Helmeted Honeyeater ambassadors visit Healesville Sanctuary – 8th November 2018


Posted by Mrs McCrum | Posted in Environment, Helmeted Honeyeater, Students | Posted on November 15, 2018

On Thursday 8th November we went to Healesville Sanctuary where we saw heaps of animals and a whole lot of birds. We went behind the scenes in a non-public area where we learnt how the HeHo (which is short for Helmeted Honeyeater) birds’ nests were made and about the breeding season which starts in August through to March which is 7 MONTHS! Did you know that the HEHO helpers supplied their nesting materials such as dingo fur, emu feathers,
twigs or sticks, and spider webs to stick it all together?

We also went to a bird show which was so much fun. The zookeeper’s showed all of us the Australian Birds and they flew over our heads which was pretty scary. Most of the birds were Owls, Parrots, Eagles and Cockatoos. Next we went to a dark enclosed area where we got to see a whole lot of Australian platypuses and big ugly, giant, fat fish and yabbies. We saw kangaroos, wallabies, wombats, possums, emus and lots of other Australian animals.  We saw the Helmeted Honeyeater up close and it has a long, sticky tongue which it can put inside flowers to eat the nectar. It is a very fast bird and hard to see when it is in the bush. There are a few predators including the brown goshawk, foxes, snakes, goannas and other birds including miner and bell birds. They compete for territory and food.

Our school is part of the fighting extinction program as we are helping to look after the environment in which the Helmeted Honeyeater lives.We have really enjoyed being Helmeted Honeyeater ambassadors this year and planting plants, harvesting seeds, learning about the habitat and how we can help with educating people about the critically endangered species. Thanks to Cecila and the friends of Yellingbo for allowing us to visit and learn about the bird. It has been a great experience. Your ambassadors: Leyla, Nathan, Ruby and Tyler

Ambassadors looking at the emu!

Sleepy koala.

Leyla hanging out in the kangaroo pouch.

Ruby hanging out in the kangaroo pouch.

Look at what the Helmeted Honeyeater nest is made from.

Can you see me?

Can you see its tongue?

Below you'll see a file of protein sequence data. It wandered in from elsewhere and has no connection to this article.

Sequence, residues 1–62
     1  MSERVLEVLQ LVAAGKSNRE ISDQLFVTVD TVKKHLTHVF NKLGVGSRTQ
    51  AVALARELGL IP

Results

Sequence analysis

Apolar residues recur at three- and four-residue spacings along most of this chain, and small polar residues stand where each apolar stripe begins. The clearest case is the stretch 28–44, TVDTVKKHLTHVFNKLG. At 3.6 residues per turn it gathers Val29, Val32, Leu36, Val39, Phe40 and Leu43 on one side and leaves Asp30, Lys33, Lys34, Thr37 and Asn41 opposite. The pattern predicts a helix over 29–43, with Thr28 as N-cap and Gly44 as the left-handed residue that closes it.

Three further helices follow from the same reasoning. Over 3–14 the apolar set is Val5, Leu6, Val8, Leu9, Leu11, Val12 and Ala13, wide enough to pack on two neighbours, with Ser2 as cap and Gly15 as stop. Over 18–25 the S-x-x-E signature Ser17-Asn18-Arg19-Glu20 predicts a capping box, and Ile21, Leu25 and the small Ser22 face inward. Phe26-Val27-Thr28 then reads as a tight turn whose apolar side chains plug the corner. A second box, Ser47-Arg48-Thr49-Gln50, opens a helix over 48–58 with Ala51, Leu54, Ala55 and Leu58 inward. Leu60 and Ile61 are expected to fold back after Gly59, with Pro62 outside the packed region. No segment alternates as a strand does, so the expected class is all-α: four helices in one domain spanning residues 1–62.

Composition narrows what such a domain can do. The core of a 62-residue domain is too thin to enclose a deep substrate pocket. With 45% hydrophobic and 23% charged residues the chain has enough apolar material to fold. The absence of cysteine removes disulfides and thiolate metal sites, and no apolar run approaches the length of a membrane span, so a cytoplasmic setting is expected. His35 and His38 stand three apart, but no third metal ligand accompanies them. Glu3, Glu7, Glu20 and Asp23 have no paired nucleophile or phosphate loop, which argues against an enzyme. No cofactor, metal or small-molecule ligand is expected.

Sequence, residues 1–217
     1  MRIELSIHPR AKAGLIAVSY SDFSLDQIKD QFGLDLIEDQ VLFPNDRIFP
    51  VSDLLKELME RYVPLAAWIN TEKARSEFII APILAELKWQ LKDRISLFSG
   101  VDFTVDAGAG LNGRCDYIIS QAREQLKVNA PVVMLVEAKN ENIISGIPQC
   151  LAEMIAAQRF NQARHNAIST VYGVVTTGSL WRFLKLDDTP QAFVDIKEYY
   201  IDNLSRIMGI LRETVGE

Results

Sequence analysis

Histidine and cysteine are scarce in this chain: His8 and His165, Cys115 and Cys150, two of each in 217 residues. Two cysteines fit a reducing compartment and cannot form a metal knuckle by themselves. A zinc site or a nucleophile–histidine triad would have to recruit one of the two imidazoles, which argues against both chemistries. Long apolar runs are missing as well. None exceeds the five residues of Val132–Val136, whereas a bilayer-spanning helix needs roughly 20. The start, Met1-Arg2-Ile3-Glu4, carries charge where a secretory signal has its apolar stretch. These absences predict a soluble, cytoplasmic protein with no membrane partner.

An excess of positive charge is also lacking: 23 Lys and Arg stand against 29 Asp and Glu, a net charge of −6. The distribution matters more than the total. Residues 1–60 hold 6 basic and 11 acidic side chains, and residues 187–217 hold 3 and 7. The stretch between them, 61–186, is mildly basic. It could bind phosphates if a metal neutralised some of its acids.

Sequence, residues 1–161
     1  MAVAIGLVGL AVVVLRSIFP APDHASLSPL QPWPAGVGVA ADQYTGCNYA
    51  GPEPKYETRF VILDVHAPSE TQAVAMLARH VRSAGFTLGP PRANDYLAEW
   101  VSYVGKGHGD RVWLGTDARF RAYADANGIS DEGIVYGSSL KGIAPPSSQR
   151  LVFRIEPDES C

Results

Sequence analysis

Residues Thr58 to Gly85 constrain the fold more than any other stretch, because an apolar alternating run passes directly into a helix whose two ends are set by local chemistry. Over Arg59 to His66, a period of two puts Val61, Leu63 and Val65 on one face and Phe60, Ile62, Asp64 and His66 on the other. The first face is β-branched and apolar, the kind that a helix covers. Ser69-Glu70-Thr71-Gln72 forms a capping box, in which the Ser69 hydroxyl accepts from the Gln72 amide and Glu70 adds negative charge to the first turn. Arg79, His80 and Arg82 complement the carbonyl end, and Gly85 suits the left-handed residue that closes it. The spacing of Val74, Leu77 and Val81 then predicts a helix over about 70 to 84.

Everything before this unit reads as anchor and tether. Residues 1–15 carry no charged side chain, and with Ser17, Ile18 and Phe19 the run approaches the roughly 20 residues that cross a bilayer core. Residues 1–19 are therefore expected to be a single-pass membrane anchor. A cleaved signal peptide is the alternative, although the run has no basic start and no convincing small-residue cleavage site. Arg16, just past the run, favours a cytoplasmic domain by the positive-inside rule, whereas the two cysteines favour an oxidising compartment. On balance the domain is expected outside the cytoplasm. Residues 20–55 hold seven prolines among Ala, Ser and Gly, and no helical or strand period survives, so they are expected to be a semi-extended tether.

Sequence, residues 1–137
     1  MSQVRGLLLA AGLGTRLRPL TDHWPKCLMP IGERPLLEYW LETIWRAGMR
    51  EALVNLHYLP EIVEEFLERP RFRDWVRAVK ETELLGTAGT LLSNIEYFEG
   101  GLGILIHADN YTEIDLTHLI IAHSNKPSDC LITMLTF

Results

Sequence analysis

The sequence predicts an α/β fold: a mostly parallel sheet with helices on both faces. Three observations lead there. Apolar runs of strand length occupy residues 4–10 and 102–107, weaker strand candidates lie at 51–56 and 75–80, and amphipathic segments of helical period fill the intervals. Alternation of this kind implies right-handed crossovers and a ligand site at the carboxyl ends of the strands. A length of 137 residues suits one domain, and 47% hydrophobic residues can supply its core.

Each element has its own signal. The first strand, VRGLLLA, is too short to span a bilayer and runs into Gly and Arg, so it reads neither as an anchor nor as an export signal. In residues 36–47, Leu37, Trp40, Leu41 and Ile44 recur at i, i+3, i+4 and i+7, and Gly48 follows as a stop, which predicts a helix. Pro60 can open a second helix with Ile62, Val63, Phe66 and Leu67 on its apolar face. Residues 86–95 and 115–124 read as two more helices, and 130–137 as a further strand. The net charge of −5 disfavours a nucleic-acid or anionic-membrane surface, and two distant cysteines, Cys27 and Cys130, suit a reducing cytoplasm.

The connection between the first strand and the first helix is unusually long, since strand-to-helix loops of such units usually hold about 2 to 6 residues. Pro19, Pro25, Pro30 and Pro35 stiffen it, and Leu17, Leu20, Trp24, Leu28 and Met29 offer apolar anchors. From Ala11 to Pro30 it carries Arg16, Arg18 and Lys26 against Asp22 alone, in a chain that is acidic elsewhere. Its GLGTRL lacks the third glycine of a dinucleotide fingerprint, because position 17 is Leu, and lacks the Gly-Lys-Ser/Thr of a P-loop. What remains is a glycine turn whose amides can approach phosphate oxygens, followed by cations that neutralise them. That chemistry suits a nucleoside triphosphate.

Baby Helmeted Honeyeaters in their nest.

Berwick Lodge Helmeted Honeyeater ambassador excursion 11th October 2018


Posted by Mrs McCrum | Posted in community event, Environment, Garden, Helmeted Honeyeater, Indiginous Plants, Students | Posted on October 18, 2018

On Thursday 11th October the Helmeted Honeyeater ambassadors – Leyla, Nathan, Ruby and Tyler went to Yellingbo nature reserve to plant plants with Cecilia the education officer.  We planted 600 plants near Sheep Station Creek Road. We were planting the plants to make more habitat for the Helmeted Honeyeater. We were planting right next to the creek in the bush. We were planting in an enclosed fenced off area.  The fence was taller than Nathan and it was built to protect the plants from deer, wallabies and kangaroos. If there was no fence, these animals would eat all the plants we planted.  Macclesfield and Chum Creek Primary School were planting with us.  We planted a range of trees, shrubs and grasses.  These plants will assist the Helmeted Honeyeater in the future by being food, shelter, areas to nest or protect them from predators.  There are approximately 200 Helmeted Honeyeaters in the Yellingbo area.  Cecilia, the education officer taught us about the habitat that the bird lives in and many interesting facts.  It is currently breeding season which lasts for about 7 to 8 months.  They have had 7 fledglings this year so far. Fledglings are baby birds.  Lead beater possums are also an endangered species which lives in similar habitat to the Helmeted Honeyeater. We had a fantastic day and learnt lots.  We look forward to visiting Healesville Sanctuary on our next excursion and seeing how they breed the Helmeted Honeyeater in captivity.

Your ambassadors – Leyla, Nathan, Ruby and Tyler.

Helmeted Honeyeater Ambassadors Second excursion to Yellingbo Nature Reserve.


Posted by Mrs McCrum | Posted in community event, Environment, Garden, Helmeted Honeyeater, Indiginous Plants, Students | Posted on September 18, 2018

On the 24th August our four Helmeted Honeyeater ambassadors – Nathan, Leyla, Ruby and Tyler enjoyed visiting the Yellingbo community nursery to work with Cecilia the education officer and Michele, the horticulturalist.  They planted seeds, seedlings and learnt about the native habitat that the critically endangered species lives within.  It was a wonderful day for everyone!

Ambassadors with Michele in the hot house.

Planting seedlings.